Entering a river, a connecting point between the lagoon and the sea, the mangroves are tall, and a Caribbean whiptail stingray, or chupare, glides through the water. Sian Ka’an contains two of four species of mangroves: black, these tall ones, like olive trees; and red, smaller ones with spidery roots. As we approach the bridge to Punta Allen — it’s also possible to reach the town via four-wheel-drive — Jorge touches on the Maya history, telling us there are 23 historical sites within the biosphere, all part of this ancient civilisation of the Yucatan, better known via ruins like Chichen Itza, Coba and Tulum. The deep green water of the lagoon becomes lighter and clearer; sunlight plays on the seabed as we approach the open water.
We glide through another channel, into San Miguel lagoon. Here, the water looks thicker, more opaque, and we must navigate slowly due to rocks beneath. A great blue heron perches on a branch, orange orchids reach up from the red mangroves, and an American crocodile slithers and lurks, eyes just above the surface. The plants get fruity: a bromeliad looks like a pineapple, and we spy a banana orchid. Termites cluster in dark clumps on the trees, and a black catbird, endemic to the Yucatan Peninsula and exceedingly rare elsewhere, makes an appearance.
The boat speeds up as we emerge into the lagoon. Bird Island is pretty self-explanatory: it’s a winter and summer migration stop for a huge range of birds, who come here for food, mating, and safety, their inner magnetism bringing them back to where they hatched. During these peak times, one can see all colours of the rainbow hopping around in the trees — today we make do with some perfectly entertaining pelicans. It is a quick hop over to Punta Allen, where a strip of blue appears on the horizon. I get a close up view of the mangroves’ tangled roots as we pull ashore.
Walking through the quiet streets, Jorge tells us about the challenges the villagers face, from hurricanes to limited water and electricity supplies. Migratory birds rest on electric poles, an iguana chills in the shade, and a chihuahua does its best at guard dog duties. Stopping in at Fisherman Lodge for lunch, we feast on grilled fish, fried chicken, pasta salad and coleslaw, washed down with hibiscus water. That famous lobster is available as well, for a fraction of the price one would find it up the coast. A short walk across the street and we’re at the beach. The sea is a most astounding bright blue, and a beach hut constructed out of a converted boat captures my imagination.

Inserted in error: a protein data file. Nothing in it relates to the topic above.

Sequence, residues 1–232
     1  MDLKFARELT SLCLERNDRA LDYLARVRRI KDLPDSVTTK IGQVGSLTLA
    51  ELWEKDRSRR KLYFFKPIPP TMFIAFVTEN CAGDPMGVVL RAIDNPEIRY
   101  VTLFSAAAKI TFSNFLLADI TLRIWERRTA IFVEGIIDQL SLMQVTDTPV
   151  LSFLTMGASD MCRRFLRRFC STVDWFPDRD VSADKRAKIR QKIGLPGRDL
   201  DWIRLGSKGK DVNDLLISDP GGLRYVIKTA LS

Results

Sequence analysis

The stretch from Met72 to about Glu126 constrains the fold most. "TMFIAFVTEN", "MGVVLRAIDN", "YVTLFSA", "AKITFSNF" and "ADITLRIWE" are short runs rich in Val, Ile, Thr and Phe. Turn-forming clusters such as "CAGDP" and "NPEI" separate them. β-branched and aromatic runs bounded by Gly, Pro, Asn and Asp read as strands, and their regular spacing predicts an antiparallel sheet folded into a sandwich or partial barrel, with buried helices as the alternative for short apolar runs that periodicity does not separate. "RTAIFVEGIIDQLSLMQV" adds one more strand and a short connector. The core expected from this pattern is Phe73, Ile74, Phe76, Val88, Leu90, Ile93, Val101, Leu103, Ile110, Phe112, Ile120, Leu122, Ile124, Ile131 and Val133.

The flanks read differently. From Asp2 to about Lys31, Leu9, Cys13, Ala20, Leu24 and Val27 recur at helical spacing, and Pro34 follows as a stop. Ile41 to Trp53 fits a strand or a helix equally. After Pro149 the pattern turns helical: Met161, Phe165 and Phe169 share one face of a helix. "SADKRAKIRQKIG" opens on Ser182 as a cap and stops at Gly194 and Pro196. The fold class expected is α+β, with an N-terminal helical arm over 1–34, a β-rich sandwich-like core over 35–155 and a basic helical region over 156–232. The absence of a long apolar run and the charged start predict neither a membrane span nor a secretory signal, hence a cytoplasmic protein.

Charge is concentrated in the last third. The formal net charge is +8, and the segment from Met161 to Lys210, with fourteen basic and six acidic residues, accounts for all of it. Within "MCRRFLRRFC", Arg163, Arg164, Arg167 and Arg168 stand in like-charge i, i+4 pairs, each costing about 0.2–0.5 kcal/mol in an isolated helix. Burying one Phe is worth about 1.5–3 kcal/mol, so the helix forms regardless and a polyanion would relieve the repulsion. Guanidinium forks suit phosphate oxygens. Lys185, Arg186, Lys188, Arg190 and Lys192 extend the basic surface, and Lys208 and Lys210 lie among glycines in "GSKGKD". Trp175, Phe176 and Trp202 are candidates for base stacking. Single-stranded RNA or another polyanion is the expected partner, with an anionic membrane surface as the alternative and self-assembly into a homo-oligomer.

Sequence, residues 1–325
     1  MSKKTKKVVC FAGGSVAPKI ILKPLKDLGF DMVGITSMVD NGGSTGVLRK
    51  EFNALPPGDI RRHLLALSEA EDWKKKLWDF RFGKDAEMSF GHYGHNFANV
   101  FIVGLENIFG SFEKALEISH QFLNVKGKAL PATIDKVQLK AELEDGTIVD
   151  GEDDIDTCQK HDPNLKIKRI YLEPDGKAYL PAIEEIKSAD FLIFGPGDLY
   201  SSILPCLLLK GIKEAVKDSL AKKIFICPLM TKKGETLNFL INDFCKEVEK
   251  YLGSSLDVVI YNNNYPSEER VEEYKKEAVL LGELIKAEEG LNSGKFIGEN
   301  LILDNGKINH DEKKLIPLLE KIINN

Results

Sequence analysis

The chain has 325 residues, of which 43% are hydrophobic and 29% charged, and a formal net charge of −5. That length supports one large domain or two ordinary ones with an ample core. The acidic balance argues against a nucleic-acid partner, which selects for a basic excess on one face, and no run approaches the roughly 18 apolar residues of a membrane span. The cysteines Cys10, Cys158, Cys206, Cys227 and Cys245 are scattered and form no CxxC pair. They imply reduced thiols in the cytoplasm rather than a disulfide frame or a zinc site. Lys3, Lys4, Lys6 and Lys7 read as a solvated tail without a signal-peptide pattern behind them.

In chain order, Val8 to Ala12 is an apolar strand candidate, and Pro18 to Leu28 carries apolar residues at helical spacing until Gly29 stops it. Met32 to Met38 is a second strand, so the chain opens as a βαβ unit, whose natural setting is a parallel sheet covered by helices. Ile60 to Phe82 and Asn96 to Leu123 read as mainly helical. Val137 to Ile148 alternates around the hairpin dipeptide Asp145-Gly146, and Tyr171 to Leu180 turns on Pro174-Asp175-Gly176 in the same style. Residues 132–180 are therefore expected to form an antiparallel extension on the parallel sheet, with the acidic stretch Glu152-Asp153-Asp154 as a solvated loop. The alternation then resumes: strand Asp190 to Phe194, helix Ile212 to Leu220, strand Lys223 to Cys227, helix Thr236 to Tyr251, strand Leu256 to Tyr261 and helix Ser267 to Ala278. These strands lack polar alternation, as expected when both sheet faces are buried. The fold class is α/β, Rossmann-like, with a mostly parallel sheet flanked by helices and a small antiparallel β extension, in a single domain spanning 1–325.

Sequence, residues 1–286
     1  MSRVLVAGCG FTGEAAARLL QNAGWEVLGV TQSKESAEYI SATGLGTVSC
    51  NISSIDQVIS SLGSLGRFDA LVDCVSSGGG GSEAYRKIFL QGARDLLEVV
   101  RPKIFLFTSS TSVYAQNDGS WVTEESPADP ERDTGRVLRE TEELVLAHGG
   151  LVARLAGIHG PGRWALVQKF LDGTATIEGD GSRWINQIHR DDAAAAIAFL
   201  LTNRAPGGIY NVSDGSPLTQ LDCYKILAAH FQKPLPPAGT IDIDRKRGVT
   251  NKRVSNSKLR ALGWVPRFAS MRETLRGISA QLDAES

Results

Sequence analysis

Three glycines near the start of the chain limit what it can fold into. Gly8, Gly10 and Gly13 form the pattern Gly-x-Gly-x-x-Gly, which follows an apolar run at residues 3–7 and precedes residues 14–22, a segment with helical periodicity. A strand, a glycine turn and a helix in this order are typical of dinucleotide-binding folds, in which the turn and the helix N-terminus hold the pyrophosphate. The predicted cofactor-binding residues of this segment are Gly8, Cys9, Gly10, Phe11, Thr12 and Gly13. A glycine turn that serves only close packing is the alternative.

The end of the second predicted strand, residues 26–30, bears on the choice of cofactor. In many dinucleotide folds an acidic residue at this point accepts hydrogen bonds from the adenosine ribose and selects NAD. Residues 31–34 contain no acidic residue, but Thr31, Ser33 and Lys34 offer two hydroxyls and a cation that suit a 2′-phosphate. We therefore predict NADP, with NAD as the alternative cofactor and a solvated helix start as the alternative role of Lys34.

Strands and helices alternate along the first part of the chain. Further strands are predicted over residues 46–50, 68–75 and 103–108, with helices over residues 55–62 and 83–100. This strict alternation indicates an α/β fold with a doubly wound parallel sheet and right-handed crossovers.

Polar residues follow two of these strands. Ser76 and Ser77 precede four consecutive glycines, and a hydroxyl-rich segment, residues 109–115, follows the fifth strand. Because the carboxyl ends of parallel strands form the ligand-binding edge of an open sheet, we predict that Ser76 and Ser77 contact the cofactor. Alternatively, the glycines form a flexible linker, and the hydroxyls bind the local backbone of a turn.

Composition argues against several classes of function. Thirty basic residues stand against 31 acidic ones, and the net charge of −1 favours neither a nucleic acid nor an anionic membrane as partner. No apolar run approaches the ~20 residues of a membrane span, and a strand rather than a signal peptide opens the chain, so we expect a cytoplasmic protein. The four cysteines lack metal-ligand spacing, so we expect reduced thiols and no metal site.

Boarding a boat of our own, we stop for a swim in water that’s clear as glass, before heading further out to snorkel among parrotfish, butterfly and damselfish, tongue and doctorfish, needle and trumpetfish, while spiny lobster and a snail try their best to remain camouflaged. We note the different coral formations: purple fans, finger, brain and branch corals. From back on the boat, a loggerhead turtle pokes its head up, and a sea star is visible just below the surface. But we’re treated to an extra-special conclusion to the day when dolphins are spotted in the distance: we sail alongside them back to the jetty.
Now having seen Sian Ka’an with our own eyes, Jorge emphasises the importance of balancing tourism impact and awareness, and explains on our return why he considers mangroves to be the most important species in the world, deserving of careful conservation. They are a filter, transforming grey and black water into soil, capturing organic garbage and accelerating its decomposition, and sending nutrients out into the ocean, helping the reef to grow and supporting its wildlife. Every hectare of mangrove has between three and five hectares of roots, creating three to four times more oxygen than the jungle: in fact, without the mangroves, there would be no jungle lining the coastline of Tulum — and no jungle restaurants, bars and boutiques to enjoy.
I leave this tour with a far greater understanding of how the natural and cultural heritage of the Yucatan — from the beaches and reefs, the cenotes and lagoons, the Maya ruins and even the ceviche on my dinner table — represents a delicately balanced system of interconnections generated over millennia, and this realisation makes the place all the more incredible. Somewhat reluctantly, I set off towards my final destination: a luxurious stop at the Belmond Maroma Resort & Spa at Playa del Carmen.
Don’t miss out on the rest of the ‘Beyond Cancun’ series, exploring Mexico’s Yucatan Peninsula…